Yahoo Publishes National Security Letter Details


Yahoo this week publicly disclosed details of National Security Letters (NSL) received from the FBI, the first time a company has done so thanks to protections of the USA Freedom Act.

"We're able to disclose details of these NSLs today because, with the enactment of the USA Freedom Act, the FBI is now required to periodically assess whether an NSL's nondisclosure requirement is still appropriate, and to lift it when not," Chris Madsen, head of global law enforcement, security, and safety at Yahoo, wrote in a blog post.

NSLs allowed the FBI to demand data about a company's users without judicial review, and the companies that received them had to remain silent. There's been some back and forth over whether they are constitutional or not. But the passage of the USA Freedom Act last year allowed for more transparency.

As a result, Yahoo today disclosed NSLs it received in April 2013, August 2013, and June 2015.

"Specifically, we produced the name, address, and length of service for each of the accounts identified in two of the NSLs, and no information in response to the third NSL as the specified account did not exist in our system," Madsen wrote. "Each NSL included a nondisclosure provision that prevented Yahoo from previously notifying its users or the public of their existence."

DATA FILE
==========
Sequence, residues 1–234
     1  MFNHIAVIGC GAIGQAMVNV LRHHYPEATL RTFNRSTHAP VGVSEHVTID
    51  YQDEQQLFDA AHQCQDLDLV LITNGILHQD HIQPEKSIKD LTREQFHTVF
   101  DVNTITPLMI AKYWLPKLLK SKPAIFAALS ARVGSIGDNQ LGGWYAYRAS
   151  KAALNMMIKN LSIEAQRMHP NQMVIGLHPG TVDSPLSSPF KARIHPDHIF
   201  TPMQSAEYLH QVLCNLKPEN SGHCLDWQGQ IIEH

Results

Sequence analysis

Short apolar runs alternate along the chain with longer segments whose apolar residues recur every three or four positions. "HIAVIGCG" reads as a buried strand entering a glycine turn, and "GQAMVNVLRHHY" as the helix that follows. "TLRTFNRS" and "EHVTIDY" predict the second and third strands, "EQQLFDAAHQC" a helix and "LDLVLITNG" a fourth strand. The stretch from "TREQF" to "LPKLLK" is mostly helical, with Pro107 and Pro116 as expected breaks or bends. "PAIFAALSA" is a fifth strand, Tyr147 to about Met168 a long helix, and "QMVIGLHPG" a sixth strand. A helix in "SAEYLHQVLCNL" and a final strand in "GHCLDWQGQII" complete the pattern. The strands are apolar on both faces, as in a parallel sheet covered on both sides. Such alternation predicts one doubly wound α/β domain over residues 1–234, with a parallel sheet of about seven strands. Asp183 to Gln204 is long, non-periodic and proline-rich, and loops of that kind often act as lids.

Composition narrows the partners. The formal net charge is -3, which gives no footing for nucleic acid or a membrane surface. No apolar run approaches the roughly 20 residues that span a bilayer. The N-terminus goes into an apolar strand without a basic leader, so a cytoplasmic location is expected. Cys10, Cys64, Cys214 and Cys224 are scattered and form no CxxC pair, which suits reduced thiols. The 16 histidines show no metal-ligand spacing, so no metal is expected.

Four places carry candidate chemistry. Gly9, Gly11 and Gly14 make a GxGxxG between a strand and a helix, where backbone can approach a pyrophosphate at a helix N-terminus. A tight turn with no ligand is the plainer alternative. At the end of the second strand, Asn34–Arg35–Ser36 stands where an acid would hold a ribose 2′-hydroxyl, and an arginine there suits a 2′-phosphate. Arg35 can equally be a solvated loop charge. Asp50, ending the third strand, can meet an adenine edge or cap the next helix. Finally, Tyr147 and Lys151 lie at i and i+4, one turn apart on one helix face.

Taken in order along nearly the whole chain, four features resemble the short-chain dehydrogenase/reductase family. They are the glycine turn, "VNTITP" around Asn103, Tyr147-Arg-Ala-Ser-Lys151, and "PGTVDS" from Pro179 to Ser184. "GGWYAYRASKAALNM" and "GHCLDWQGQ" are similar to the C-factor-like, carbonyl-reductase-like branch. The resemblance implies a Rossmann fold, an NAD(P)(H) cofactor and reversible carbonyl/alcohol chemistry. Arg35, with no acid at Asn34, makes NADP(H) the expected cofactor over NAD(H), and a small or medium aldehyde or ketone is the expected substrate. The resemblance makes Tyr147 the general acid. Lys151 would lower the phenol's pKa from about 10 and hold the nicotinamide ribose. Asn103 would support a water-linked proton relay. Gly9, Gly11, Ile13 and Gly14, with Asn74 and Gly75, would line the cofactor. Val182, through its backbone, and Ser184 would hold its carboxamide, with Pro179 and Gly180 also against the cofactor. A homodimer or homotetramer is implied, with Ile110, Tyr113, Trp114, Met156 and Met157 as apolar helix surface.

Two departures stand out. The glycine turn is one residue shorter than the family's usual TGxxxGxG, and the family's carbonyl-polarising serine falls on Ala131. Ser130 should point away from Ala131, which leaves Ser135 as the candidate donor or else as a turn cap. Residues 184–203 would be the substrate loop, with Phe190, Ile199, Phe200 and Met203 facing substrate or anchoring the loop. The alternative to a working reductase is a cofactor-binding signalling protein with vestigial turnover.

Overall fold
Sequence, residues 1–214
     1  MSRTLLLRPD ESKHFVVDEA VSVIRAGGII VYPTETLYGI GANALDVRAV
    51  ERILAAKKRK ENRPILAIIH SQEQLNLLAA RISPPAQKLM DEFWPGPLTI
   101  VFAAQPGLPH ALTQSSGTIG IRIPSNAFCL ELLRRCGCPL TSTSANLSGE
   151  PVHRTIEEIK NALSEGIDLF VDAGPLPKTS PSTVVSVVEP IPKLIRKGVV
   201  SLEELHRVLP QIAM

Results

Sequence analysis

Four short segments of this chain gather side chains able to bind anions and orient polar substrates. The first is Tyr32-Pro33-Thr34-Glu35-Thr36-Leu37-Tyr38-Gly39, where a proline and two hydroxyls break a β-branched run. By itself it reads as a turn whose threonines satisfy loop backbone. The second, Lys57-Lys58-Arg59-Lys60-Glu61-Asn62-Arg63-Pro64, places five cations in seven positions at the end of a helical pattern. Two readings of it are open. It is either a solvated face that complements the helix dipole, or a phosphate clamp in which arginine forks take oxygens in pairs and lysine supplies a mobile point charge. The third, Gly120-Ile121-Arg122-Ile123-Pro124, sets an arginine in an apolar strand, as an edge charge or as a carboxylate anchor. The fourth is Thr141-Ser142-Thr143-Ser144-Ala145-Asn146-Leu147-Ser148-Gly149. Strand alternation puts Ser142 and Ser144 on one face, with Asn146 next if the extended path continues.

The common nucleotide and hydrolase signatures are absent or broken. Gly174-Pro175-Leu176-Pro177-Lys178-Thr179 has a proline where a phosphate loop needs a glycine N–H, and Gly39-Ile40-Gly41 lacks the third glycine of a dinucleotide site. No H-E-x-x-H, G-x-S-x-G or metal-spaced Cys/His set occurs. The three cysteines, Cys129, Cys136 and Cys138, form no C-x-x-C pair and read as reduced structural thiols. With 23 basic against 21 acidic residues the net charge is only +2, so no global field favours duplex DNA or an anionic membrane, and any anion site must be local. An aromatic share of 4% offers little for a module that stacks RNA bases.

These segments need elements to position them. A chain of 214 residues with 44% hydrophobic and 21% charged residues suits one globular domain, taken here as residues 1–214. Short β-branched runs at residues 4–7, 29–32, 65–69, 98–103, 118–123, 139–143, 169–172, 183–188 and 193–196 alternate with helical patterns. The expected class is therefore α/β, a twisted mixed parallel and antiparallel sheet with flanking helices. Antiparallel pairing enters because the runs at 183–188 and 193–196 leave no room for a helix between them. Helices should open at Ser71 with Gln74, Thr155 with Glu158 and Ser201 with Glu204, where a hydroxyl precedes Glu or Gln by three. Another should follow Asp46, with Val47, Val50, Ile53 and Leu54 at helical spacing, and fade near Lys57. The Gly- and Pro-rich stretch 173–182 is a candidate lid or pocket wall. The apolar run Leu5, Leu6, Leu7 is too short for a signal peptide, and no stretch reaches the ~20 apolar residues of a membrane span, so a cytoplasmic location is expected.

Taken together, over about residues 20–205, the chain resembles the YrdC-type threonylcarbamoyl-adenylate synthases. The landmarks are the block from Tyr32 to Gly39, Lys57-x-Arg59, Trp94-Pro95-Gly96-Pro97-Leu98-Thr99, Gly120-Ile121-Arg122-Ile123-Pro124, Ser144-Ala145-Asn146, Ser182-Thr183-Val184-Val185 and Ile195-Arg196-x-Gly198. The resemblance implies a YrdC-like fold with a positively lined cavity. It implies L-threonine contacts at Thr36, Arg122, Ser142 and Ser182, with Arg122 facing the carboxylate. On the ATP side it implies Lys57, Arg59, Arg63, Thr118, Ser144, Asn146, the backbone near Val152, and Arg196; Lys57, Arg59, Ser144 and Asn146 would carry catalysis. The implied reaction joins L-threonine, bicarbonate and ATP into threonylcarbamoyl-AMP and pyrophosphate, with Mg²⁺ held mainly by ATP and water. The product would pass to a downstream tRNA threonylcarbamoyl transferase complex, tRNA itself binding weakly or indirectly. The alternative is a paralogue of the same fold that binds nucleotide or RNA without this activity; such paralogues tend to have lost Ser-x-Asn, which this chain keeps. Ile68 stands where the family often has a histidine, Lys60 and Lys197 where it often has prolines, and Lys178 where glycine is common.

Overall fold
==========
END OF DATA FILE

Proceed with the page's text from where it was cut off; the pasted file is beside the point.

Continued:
The documents are redacted to protect the identities of the involved FBI agents, Yahoo personnel, and affected users.

"We believe this is an important step toward enriching a more open and transparent discussion about the legal authorities law enforcement can leverage to access user data," Madsen said. "Going forward, we will update our Transparency Report to include the number of NSLs received and number of accounts specified in those letters as the FBI lifts additional nondisclosure provisions."

In 2013, Google negotiated with the FBI so that it could reveal how many NSLs it receives, but only in very broad terms. For example, Google said it received between zero and 999 NSLs in 2012 regarding 1,000 to 1,999 users/accounts.

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